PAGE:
Post-9/11 events have shaken Riyadh’s and Abu Dhabi’s faith in the durability of Washington’s support. As part of our series, The Legacy of 9/11 and the “War on Terror”, Dina Esfandiary says U.S.-Gulf ties will likely not regain the strength they had twenty years ago.
The Gulf Arab states have perceived threats from Iran since the 1979 revolution. Frictions have lessened of late, offering an important opportunity. Riyadh and Abu Dhabi should keep engaging Tehran with an eye to initiating the broadest possible talks on regional peace and security.
The latest escalation of the Israeli-Palestinian conflict brought important shifts in the status quo, underscoring the necessity of a political settlement. A peace based on equal respect for both peoples’ rights will take time, however. Steps to lower the temperature are urgent in the interim.
Iran has a new president, consolidating the hardliners’ control over the centres of power. What will he do about the country’s numerous crises? One answer is clear: the 2015 nuclear deal’s fate remains the most pressing issue for Tehran and its foreign interlocutors.
The huge demonstrations that rocked Iraqi cities two years ago reverberate still, with the main grievances unaddressed. Protests could arise anew at any time, risking another lethal crackdown. The government should hold those who harmed protesters accountable and work to ensure clean elections in October.
Malgré un net déclin de la violence jihadiste en Tunisie depuis 2016, le gouvernement maintient des mesures de lutte contre le terrorisme répressives et trop peu ciblées. Les autorités tunisiennes devraient opérer des réformes dans le domaine de la justice et de la sécurité afin d’éviter une recrudescence de la violence.
Libyan politicians have moved with salutary speed in 2021 to reunify their divided country. With UN help, the new government should hasten to clear two last hurdles: establishing a legal framework for elections and clarity about who holds supreme command of the armed forces.
The Huthis [in Yemen] have gone from being a relatively contained rebel movement to de facto authorities who (control) the capital and territory where more than 20 million people live.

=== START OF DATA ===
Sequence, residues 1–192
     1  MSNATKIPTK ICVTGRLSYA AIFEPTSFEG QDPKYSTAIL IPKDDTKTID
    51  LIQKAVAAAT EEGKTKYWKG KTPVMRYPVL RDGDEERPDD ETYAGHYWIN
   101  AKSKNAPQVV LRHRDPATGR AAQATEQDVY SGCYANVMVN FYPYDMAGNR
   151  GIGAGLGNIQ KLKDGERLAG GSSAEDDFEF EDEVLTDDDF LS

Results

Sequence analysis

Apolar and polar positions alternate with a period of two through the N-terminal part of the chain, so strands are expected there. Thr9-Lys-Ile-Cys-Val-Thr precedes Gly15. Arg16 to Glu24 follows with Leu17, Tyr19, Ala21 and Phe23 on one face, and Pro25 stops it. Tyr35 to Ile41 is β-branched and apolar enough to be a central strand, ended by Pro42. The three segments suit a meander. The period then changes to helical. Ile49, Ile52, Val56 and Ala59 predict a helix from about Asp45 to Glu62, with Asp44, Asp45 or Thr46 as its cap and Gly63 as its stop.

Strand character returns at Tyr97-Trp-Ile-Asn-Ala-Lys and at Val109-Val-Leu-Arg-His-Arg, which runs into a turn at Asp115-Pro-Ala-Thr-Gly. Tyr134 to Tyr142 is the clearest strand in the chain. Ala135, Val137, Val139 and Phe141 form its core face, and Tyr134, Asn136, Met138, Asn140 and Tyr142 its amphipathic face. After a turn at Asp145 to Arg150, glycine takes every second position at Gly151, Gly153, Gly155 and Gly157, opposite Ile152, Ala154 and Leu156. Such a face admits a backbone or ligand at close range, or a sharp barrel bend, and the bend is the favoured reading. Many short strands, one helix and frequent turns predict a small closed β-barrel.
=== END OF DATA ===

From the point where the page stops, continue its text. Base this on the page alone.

The US and other Western countries welcome Qatari mediation because of their [own] limited interactions with the Taliban [in Afghanistan].
Tehran and Washington will remain at daggers drawn, and under those circumstances, Iran-Saudi de-escalation is unlikely, if not impossible.
For a large part of the population [in Lebanon], electricity will become a luxury. Driving your car will become a luxury, too. Transportation will become a luxury.
So the majority of the [Iranian] population is either disillusioned with the system or, at this point, completely alienated, and we have huge parts of the society that almost have nothing to lose.
There has been no talk about Tunisian institutions or keeping up any kind of democratic governance; it's just being portrayed as people who have liberated themselves from an oppressive Islamist government.
The Taliban’s return to power raises questions not only about how the movement will use its newfound authority but also about what Afghanistan’s neighbours will do in response. Crisis Group experts offer a 360-degree view of these countries’ initial reactions and what is behind them.
Originally published in Foreign Affairs
The enormous explosion that ripped through Lebanon’s capital one year ago left deep socio-economic and political damage as well as physical devastation. The challenge today is not only to rebuild but also to establish accountability for the disaster and ensure better governance in the future.